Innovative highly selective removal of cesium and strontium utilizing a newly developed class of inorganic ion specific media

Mark S. Denton, Mercouri G Kanatzidis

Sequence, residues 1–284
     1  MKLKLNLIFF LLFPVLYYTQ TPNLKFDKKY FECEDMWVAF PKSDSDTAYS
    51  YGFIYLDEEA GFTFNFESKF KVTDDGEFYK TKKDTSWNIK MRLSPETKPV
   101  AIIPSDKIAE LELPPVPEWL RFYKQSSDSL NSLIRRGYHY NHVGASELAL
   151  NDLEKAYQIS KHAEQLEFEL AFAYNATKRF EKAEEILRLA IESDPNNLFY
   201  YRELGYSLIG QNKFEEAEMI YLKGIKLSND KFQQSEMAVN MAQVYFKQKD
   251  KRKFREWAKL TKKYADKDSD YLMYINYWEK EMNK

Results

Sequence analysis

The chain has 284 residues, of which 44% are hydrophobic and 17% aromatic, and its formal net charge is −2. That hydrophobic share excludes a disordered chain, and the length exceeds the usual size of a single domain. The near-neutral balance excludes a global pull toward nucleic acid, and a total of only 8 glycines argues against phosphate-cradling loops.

Research output: Chapter in Book/Report/Conference proceedingConference contribution

Abstract